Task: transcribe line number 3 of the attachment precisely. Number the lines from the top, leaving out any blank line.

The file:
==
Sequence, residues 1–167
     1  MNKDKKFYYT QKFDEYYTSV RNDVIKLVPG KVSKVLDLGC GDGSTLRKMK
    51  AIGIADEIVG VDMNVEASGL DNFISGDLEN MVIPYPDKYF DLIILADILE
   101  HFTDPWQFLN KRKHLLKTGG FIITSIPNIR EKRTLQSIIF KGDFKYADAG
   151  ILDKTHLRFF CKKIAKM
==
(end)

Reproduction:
    51  AIGIADEIVG VDMNVEASGL DNFISGDLEN MVIPYPDKYF DLIILADILE